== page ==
The Carter Brown novels are set in the United States but since the author lived in Australia the novels are set in the America of pulp fiction and Hollywood movies rather than the real America. In some ways that makes them more fun.
Al Wheeler (who narrates the tale) is a Homicide cop but he’s on special duty, working directly under the Police Commissioner. It’s not that the Commissioner has a high opinion of him. In fact he has a very low opinion of Al. He just wants to keep him close so he can keep an eye on him. Al has a reputation of being an unorthodox cop who takes very little notice of orders. He keeps his job as a Detective Lieutenant because he keeps solving difficult cases.
This time the case is very routine. It’s a special favour for a friend of the Commissioner’s, an insurance investigator named Moss. Moss is worried about a life insurance claim. It seems straightforward on the surface. The guy who was insured, Farnham, was killed by a hit-run driver. But it just doesn’t smell quite right to Moss.
Al talks to Farnham’s widow Eve. She’s very glamorous, maybe too glamorous to have been married to a loser and a lush like Farnham. Farnham was such a loser that Eve had to walk as a waitress in a crummy joint and she didn’t like that at all. Al figures she’s the kind of woman who might well murder a loser husband whose life was insured for a vast amount of money but she has a rock-solid alibi.
Eve happens to mention that a couple of days before her husband died a locater from a debt collection agency called on her and told her that her husband owed a lot of money.
The locater was a woman named Edna Bright and she looks like just as much of a potential femme fatale as Eve Farnham.
In the course of his investigation Al meets the head of the debt collection agency, a guy named Cole. He also meets Cole’s wife Natalie. Natalie is femme fatale number three. Natalie tells Al how much she despises her husband. She proves it by sleeping with Al. Al has a pretty relaxed attitude towards such things. If a cute dame like Natalie is willing then Al is willing as well. Besides, he might get more information out of her this way.
Just about every character in this book is a plausible suspect. These are not particularly honest people and that life insurance policy was worth a huge amount of money. Al just has to figure out how many of them might have stood to gain, legally or illegally, by Farnham’s demise. There’s also been a good deal of bed-hopping going on, which offers even further motives.
It’s a pretty decent plot and Al does at least some real detecting.
The Carter Brown novels are not to be taken too seriously. They’re fun, lightweight and fast-paced with plenty of mayhem (none of it graphic) and plenty of sex (also not graphic). There’s a good deal of humour and the humour works pretty well.
There are lots of dames and they’re not the types of dames who defend their virtue all that strenuously. Apart from the three femmes fatales there’s Annabelle, Al’s boss’s secretary, a glamorous southern belle with a yearning for a rich husband. Al has made various attempts to seduce her and he certainly hasn’t given up hope.
Al Wheeler doesn’t take life too seriously. He likes being a cop but he always makes time for recreation, especially with glamorous dames. He also always finds time to have a drink or six. He’s a bit of a rogue but a likeable one and despite being undisciplined and irresponsible he’s a pretty good cop. He’s not especially hardboiled although he’s no pushover when the going gets tough. He’s somewhat cynical but he isn’t bitter and he’s no thug.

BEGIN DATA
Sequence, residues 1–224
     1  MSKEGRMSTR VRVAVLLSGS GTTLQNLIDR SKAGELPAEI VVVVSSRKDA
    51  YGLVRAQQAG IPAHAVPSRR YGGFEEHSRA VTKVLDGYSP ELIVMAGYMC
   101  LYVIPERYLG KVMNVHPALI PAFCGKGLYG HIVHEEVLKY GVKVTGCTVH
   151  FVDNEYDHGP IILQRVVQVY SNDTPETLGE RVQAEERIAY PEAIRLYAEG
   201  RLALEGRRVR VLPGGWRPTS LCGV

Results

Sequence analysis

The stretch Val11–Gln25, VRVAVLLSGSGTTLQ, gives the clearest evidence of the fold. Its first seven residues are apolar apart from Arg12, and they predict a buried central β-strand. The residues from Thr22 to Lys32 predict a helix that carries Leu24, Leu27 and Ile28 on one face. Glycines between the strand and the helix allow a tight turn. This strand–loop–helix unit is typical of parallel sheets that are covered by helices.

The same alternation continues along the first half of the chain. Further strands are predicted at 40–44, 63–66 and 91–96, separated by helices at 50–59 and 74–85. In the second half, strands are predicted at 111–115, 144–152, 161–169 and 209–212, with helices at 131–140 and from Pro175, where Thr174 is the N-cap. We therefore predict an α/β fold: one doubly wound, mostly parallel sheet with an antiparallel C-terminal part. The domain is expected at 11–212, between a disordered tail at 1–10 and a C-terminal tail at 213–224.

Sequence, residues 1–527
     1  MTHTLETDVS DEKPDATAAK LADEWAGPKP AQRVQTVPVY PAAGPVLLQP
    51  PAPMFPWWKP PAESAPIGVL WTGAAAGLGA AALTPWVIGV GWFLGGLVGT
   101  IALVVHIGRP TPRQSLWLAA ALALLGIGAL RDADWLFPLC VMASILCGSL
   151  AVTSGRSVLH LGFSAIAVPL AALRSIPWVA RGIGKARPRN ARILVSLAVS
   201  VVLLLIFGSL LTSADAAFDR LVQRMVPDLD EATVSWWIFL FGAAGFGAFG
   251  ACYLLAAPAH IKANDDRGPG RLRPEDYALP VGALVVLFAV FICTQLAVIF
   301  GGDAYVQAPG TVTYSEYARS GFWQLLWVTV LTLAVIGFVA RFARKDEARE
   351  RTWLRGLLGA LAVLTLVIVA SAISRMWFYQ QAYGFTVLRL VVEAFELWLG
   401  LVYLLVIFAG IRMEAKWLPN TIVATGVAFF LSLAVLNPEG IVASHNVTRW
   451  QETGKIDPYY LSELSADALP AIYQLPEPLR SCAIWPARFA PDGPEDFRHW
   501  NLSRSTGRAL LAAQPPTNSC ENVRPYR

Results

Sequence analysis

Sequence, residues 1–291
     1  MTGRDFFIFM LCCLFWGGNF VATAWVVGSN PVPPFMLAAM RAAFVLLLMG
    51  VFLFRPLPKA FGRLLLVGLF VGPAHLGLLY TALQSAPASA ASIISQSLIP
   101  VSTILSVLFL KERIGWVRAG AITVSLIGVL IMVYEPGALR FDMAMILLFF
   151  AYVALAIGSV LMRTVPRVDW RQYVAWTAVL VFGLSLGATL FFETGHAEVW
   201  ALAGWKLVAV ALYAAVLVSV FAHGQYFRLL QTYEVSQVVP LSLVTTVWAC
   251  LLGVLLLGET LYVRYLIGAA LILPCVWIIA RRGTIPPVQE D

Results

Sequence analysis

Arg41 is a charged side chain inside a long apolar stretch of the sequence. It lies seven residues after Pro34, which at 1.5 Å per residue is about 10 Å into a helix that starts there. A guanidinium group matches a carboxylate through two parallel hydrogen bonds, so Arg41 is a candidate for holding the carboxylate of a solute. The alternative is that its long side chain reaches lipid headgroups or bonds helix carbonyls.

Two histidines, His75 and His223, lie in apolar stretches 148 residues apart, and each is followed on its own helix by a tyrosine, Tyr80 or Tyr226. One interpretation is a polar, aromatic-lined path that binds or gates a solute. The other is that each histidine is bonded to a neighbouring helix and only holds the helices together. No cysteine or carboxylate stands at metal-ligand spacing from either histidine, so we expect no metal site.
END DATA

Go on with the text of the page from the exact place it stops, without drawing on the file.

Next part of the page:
The Carter Brown novels are pure entertainment but they’re well-crafted and clever and Eve it's Extortion is a fine entry in the Al Wheeler series. Highly recommended.
I’ve reviewed three other Carter Brown novels featuring Al Wheeler - Booty for a Babe, No Harp for My Angel and The Stripper.
Thursday, December 8, 2022
First up is Poul Anderson’s Temple of Earth which originally appeared in Rocket Stories in 1953.
Rikard has joined a band of rebels on the Moon. They are the sworn enemies of the burgeoning Coper Empire. The rebels do not want to be slaves, although curiously enough Rikard’s lady love Leda is more or less his slave-girl. The rebels have just made their last stand and Rikard and Leda have been captured.
Anderson displays his gift for clever economical world-building (which is evident in most of his stories in this genre). Like so many of the best sword-and-planet tales this is a story of civilisational decay. It is many many years into the future, human civilisation has survived only on the Moon but has sadly degenerated. Most of humanity’s hard-won scientific knowledge has been lost. Only a few pitiful remnants of technology survive.
Rikard and Leda are caught in the middle of a power struggle between those who wish to reclaim this lost knowledge and those who see it as being in their best interests to prevent this.
There’s also plenty of action. A very very fine story.
I highly recommend DMR Press’s Swordsmen from the Stars which includes three more excellent stories by Anderson.
Edmond Hamilton’s World of the Dark Dwellers was published in Weird Tales in 1937.
This is a story of an ordinary man on Earth who discovers that he isn’t ordinary and he isn’t from Earth. And he has a destiny, to rescue his planet from tyranny.
There’s some effective creepiness, a fine villain and a clever plot resolution at the end. The hero’s planet has been in the hands of usurpers for generation. The usurpers rely on powers given to them by mysterious creatures they have never seen. No-one has seen the dark dwellers and lived to tell the tale.
A highly enjoyable tale.
Henry Kuttner’s The Eyes of Thar first saw the light of day in Planet Stories in 1944.
Mars, once home to a great civilisation, is now home only to barbarism. A warrior returns to seek vengeance for the death of his beloved, but finds himself the hunted rather than the hunter. He escapes when he finds a strange door, a door that leads him to a laboratory abandoned for a thousand years. He is greeted by a strangely familiar female voice.